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1986AJ.....92..371Gregory & Taylor
corrected by H.Andernach 2/97
Astronomical J., v.92, p.371 (1986).

Radio patrol of the northern Milky way: A catalog of sources.II

P. C. Gregory and A.R. Taylor

Abstract


We persent a catalog of 1274 discrete sources detected during a 5 yr, 6 cm, radio-patrol survey of the galactic plane for variavle sources. Approximately 20 % of the volume of the galactic disk was repeatedly observed on 16 occations. The survey is capable of detecting both short-term (few days) and long-term (> 1 yr) variablility. Seventy-five percent of the sources are weaker than 75 mJy, and as a consequence reliable sources and 27 possible variables were detected, of which 64 % exhibited shirt-term variability. We propose two new identifications for the short-term variables GT 0116+622 and GT 2318+620, with the transient gamma-ray source Cas -1 and the x-ray source 4U 2316+61, respectively. The absence of gaint outburst ( > 5 Jy) leads to an upper limit of three on the number of objects in the syrvey area with radio properties like Cyg X-3. A comparison with previous centimeter variability studies suggests the possible existence of two distinnct variability components.

Introduction

Between 1977 and 1981 we carried out a radio patrol of the northern galactic plane in a systematic survey for contunuum variable sources using the NRAO 91 m, transit telescope at wavelength of 6 cm. During this period, a 500 squre degree area along the galactic plane, from l = 40^o to 220^o and |b| <=2^o, was repeatedly surveyed on approximately 16 times to provide a record of variability on time scales ranging from a few days to 5 yr.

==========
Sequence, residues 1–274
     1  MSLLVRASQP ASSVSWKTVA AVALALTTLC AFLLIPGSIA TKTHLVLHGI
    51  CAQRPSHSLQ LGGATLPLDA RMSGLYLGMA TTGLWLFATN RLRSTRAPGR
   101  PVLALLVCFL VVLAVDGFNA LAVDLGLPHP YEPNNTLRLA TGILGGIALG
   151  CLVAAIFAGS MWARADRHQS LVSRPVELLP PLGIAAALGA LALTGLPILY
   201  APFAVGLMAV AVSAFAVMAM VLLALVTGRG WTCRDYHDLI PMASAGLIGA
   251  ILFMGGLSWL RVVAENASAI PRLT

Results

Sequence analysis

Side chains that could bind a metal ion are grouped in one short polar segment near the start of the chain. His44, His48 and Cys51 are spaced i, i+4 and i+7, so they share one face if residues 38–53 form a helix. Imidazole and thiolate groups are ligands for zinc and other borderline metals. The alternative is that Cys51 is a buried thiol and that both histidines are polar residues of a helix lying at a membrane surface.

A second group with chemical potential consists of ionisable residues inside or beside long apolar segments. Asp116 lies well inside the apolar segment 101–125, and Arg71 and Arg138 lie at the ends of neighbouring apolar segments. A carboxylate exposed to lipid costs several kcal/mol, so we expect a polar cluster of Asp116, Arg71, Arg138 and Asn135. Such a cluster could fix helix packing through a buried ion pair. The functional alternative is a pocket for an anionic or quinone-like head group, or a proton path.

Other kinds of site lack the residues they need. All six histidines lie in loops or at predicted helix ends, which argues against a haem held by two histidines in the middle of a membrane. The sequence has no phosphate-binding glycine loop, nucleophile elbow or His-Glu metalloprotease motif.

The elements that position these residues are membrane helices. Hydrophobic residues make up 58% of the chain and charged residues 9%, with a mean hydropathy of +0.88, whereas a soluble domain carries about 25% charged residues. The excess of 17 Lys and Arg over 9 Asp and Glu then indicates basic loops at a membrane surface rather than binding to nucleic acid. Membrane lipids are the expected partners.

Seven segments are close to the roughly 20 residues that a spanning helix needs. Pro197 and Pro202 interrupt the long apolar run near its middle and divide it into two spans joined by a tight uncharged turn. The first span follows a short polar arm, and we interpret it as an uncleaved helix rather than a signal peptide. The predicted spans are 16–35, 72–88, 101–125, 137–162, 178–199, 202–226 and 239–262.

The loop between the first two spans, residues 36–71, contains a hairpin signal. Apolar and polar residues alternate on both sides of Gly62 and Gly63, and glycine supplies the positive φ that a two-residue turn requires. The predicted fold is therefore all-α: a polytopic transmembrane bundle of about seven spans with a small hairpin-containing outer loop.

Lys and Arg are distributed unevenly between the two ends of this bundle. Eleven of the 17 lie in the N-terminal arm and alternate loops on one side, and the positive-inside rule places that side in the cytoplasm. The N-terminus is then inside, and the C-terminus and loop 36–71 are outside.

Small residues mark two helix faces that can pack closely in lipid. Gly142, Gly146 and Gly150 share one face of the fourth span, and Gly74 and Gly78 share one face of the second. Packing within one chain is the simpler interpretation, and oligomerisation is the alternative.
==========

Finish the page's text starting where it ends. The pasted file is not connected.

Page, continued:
...

II. Survey characteristics, calibration, and analysis

Full ditails of the methods of observation, calibration, and data analysis were contained in the first catalog (Taylor & Gregory, 1983 A.J. 88, 1784), and only a breaf summary is given here. The 91 m telescope was equipped with a two-channal, 6 cm receiver connected to a rotatable, dual-beam-feed system at the prime focus. Each channel had a system temperature of 70 K and bandwidth of 580 MHz centered at 4.76 GHz. Beam-swotched in antiphase between the two feeds, yielding two independent outputs. The feeds were sensive to right-hand circular polarization, and produced two 2.8' beams separated by 7.2'.

The observations are carried out by exicuting a sequence of alternating north- and south-bound declination scans across the galactic plane with two beams aligned at 11^o to the sky track. Since the declination scans are a fixed length (4.3^o in 1977-1979 and 4.0^o in 1980-1984) the galactic latitude coverage varies with the inclination of the galactic plane to the meridian, from +2.15^o at the northern extreme (DEC= 62^o) to +-1.2^o at DEC=0^o. Coverage of the observing region is achieved by interleaving 14 scan sequences. Short-term variability information is obtained by repeating a particular sequence five to six times during one observing session. The same sequences is repeated two to three timesd a year later to provide long-term variability information. In general, each region of sky has been repearted surveyed eight times with a northbound scan in one sequence and a further eight times with a southbound scan from another sequence, for a total of 16 repeats over 5 yr. ...